Ion exchange resin capsules provide a possible alternative to conventional soil testing procedures. Previous studies with semi-arid, low fertility soils observed poor relationships with poorly mobile nutrients such as phosphorus (P). We propose that placement depth may improve those relationships. Our objective was to (1) determine if placement depth could improve resin capsule estimation of the bioavailability of nitrogen (N), P, and sulfur (S) and (2) to determine if resin capsules can effectively estimate S availability in semi-arid, low fertility soils. Field sites were established in Rush and Skull Valleys, Utah on loam and sandy loam soils, respectively. Fertilizer was surface applied as ammonium sulfate and triple superphosphate with six N, P and S treatments (0, 5.5, 11, 22, 44 and 88 kg ha-1 of N and P2O5 and 0, 7, 14, 28, 56 and 112 kg ha-1 of S). Thirty 4.0-m2 plots were established at each field location. Resin capsules were placed three per plot at 0–5, 5–10, and 10–15 cm deep in the soil and soil samples taken at respective depths. The capsules were removed and replaced after approximately 90 d. Final removal and soil sampling occurred approximately 240 d later. For the second study, fertilizer was surface applied as ammonium sulfate with six S treatments (0, 7, 14, 28, 56 and 112 kg ha-1 of S) with one resin capsule placed in each 4.0-m2 plot at a depth of 5 cm in the soil. Resin capsules were removed and replaced approximately every 90 d for a total of four samplings. Soil samples were taken with every resin capsules install and removal. In the first study, bicarbonate extractable P was significantly related to P application at all depths and times except the two lowest depths at the time of final sampling, and resin capsule P was only related to P application 398 days after application in the 0–5 and 5–10 cm depths. However, this is an improvement in estimates of bioavailability compared to a single placement depth. The 5–10 cm depth was the best for placement for determination of NH4-N, and resin capsules improved upon soil test estimates. For NO3-N, depth was not important, but resin capsules had a stronger relationship with N applied than the soil test 398 d after application. In addition, both resin capsules and the S soil test were related to S applied, but resin capsules were more able to pick up S cycling through the system. In the second study resin capsules and conventional soil tests were both effective in distinguishing between fertilizer rates, though only the conventional soil test was related to S applied at the last sampling (366 d after fertilizer application). Overall resin capsules were effective at reflecting application rates, and may be a good tool to estimate nutrient bioavailability. Correlation with plant uptake is required to determine if soil tests or resin capsules were a better estimate of bioavailable nutrients.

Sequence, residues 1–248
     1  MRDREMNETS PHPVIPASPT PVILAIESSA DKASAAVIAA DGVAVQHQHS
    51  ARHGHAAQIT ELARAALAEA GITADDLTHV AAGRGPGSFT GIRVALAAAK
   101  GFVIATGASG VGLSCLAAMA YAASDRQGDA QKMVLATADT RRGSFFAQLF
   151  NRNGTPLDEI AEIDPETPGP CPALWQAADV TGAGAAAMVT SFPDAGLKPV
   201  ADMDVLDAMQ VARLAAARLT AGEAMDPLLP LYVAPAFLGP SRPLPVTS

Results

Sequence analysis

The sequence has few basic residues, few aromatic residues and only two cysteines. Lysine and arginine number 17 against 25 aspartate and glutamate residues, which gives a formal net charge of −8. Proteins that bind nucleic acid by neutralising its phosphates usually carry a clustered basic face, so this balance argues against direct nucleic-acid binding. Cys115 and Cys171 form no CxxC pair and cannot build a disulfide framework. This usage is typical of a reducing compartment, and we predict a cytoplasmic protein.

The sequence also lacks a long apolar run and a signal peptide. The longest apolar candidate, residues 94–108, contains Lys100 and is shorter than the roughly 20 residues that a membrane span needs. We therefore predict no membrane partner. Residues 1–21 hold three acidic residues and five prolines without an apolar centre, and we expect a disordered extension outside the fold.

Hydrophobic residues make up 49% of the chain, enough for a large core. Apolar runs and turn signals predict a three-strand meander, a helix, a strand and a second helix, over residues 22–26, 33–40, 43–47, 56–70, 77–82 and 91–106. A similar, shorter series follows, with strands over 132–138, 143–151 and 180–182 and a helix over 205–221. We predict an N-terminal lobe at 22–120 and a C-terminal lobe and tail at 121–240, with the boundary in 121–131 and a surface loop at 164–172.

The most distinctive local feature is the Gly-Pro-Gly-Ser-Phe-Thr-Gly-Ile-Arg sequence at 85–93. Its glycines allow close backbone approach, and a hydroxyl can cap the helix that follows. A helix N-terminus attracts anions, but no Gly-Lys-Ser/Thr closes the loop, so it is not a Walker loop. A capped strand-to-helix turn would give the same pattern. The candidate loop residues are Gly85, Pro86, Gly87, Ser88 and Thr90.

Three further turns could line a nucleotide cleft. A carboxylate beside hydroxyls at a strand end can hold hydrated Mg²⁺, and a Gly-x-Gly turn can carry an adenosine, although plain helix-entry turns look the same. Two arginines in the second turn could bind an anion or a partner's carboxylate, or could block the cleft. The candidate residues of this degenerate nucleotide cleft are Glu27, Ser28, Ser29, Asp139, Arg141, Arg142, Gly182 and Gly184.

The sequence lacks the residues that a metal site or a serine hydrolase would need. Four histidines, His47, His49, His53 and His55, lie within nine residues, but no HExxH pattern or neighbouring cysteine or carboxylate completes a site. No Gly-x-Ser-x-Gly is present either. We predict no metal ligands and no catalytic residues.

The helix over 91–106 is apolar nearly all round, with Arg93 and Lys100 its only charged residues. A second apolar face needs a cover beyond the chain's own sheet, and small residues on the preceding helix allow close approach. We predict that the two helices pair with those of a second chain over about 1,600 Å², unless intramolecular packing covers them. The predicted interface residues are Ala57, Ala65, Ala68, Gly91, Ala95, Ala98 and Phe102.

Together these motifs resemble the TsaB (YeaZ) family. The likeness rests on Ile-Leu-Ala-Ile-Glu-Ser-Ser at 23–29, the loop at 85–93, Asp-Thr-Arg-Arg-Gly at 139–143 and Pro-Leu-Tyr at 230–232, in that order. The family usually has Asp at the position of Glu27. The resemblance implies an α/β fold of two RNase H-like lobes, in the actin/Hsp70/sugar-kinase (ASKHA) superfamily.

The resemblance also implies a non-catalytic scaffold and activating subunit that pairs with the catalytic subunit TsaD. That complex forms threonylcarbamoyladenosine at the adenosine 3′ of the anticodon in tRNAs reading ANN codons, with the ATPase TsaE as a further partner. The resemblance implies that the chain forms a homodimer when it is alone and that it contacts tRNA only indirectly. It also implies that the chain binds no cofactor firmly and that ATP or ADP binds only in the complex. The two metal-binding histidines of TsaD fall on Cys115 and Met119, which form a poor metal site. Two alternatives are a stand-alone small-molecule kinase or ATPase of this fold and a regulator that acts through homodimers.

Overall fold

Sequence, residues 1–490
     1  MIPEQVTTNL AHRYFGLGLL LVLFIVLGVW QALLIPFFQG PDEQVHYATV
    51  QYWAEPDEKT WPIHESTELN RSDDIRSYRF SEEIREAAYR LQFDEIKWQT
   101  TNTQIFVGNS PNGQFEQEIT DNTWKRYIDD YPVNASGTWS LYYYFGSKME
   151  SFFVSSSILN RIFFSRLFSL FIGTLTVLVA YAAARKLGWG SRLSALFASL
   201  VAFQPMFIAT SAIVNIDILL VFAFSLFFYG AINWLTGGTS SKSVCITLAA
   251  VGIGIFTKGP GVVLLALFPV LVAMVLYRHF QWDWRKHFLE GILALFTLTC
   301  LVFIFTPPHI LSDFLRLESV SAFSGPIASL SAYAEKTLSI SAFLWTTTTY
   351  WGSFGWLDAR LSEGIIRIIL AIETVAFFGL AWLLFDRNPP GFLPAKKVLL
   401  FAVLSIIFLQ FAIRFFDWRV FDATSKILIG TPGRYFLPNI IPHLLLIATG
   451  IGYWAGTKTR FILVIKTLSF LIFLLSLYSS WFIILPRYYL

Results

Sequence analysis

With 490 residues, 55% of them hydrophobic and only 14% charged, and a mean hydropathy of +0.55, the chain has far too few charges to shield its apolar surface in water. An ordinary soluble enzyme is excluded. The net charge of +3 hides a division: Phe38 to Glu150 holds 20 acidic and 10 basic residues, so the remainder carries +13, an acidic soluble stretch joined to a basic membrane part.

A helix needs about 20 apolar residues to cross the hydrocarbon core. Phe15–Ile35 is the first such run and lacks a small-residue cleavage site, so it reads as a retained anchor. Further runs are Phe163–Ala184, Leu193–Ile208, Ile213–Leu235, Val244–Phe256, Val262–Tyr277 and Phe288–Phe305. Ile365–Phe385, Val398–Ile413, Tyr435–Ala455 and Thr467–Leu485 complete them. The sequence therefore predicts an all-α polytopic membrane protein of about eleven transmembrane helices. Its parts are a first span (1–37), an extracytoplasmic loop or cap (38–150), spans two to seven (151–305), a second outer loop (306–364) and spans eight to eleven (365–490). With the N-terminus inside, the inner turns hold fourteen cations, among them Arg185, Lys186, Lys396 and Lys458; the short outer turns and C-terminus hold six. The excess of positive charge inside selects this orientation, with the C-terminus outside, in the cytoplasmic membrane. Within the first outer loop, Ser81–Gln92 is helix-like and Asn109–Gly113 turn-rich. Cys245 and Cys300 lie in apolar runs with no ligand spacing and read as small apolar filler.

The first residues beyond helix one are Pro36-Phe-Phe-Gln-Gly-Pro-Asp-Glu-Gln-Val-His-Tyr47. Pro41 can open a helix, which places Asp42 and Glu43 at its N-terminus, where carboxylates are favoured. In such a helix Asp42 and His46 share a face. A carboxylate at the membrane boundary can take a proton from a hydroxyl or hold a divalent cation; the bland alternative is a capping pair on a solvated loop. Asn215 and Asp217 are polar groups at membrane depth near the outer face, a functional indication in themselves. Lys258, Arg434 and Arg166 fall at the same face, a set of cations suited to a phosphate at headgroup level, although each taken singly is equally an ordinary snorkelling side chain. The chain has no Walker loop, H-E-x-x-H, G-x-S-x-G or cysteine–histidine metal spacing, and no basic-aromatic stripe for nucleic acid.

College and Department

Life Sciences; Plant and Wildlife Sciences



Date Submitted


Document Type





adsorption, desert soil, nitrogen, phosphorus, sulfur, plant available nutrients, resin capsule